Thatched roofs are made out of thatch. That is reeds or grass, depending on the local flora and what building materials were available at the time. Here on the mainland, thatch is traditionally made out of reeds, but out on the Aran Islands they are made of grasses. This means that out on the islands, where there’s more wind and rain, the roofs need to be replaced about twice as often. In the east of Ireland, where the weather is nicer (if not as dramatic and majestic) the roofs can last for well over a decade. This is one reason you don’t see a lot of thatched roofs anymore. It’s expensive and time consuming to keep replacing. Now the Irish government does provide a stipend to help people maintain their thatched roofs, but good luck finding a new one. (Actually, there is a new one near us here in Galway City; but more on that later.) Insurance companies won’t insure a building with one, because of the obvious fire hazard (I’ll get to the open fireplaces in a minute). Some people will built a tin roof and lay thatch on top of that, like a hotel in southern County Galway that likes to claim to have the largest thatched roof in Ireland. But it’s not a “real” thatched roof.  You see, real ones are just tightly wound bundles of reeds tied together and laid over a wooden frame. It keeps the rain out by funnelling all the run off down to drip off the ends of the thatch before it drips through to the inside of the cottage. If the building is too wide, the rain will leak into the house. But the real trick, the beauty hiding in plain sight of a thatched roof is along the ridge of the roof. How the thatched is laced together along the top is everything. And if you look closely (or are sitting on top of it), you’ll notice that each master thatcher has their own unique way of doing it. It’s a kind of signature that you can recognize, so those in the know would be able to tell who put the thatched roof on.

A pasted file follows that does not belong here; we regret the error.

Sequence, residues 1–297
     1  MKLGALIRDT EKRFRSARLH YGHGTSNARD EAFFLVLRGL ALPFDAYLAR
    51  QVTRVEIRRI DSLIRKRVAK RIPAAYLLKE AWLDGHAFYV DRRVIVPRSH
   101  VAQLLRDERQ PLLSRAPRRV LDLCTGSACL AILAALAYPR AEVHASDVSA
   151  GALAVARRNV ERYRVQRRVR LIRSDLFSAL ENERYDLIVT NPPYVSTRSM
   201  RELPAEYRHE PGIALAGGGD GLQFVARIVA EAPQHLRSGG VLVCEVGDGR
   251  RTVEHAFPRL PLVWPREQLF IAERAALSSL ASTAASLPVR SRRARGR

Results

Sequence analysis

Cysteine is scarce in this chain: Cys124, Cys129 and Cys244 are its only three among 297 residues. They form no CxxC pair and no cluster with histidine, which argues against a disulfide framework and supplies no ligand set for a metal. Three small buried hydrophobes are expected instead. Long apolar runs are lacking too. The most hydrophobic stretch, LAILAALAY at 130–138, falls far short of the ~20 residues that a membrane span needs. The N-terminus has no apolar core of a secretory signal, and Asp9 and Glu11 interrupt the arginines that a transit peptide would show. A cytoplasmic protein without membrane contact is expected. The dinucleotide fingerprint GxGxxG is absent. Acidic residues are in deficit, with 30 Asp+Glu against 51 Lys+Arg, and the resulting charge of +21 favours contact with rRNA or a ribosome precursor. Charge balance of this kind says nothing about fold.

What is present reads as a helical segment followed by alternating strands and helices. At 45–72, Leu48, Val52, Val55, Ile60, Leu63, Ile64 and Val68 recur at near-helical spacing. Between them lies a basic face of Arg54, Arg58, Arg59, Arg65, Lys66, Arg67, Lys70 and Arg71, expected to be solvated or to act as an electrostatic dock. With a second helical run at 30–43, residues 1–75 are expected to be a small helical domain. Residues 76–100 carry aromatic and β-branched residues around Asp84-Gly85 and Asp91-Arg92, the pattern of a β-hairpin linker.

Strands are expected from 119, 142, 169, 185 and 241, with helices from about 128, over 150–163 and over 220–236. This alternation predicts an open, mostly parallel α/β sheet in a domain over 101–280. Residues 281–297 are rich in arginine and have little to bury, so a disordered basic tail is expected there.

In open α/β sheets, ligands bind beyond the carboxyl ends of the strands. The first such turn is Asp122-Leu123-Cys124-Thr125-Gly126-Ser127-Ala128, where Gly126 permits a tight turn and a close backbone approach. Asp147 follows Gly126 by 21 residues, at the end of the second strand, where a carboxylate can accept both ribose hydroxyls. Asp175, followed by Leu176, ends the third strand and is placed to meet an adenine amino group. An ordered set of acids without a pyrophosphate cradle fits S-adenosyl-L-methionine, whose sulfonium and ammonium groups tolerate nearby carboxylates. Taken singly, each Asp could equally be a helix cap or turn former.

But the thatched roof is only one of the traditional aspects of thatched roof cottages. There’s also the half-door. You see, the English used to tax buildings based on the number of windows homes had. The more windows, the higher the property tax. So, the Irish started boarding up windows (seriously, there are some VERY nice Edwardian houses in Dublin that still have bricked over windows) or just not installing them. Most thatched cottages in the West had one window in the wall opposite the front door, and the door was cut in half. That way, you could open the top half and create a second window without being taxed for it. Granny Privy said there was a second, added benefit. She said it was a great way to keep the children inside and the animals out. Or, “if mom was having a rough day,” she’d say the bottom half of the door would keep the children out and the animals in. (Young and/or ill animals were often kept inside anyway for warmth and closer care.) An open half door was also a sign to neighbours that visitors were welcome.

On a side note, John says his Irish-American mom had his dad put in a half-door on the baby’s room in the house he and his sister grew up in. This was obviously long before the invention of baby-monitors . . . because John is OOOLD. ;-) (John laughed as I said that and he’s the one who typed it and left it in, so . . . we’re good.)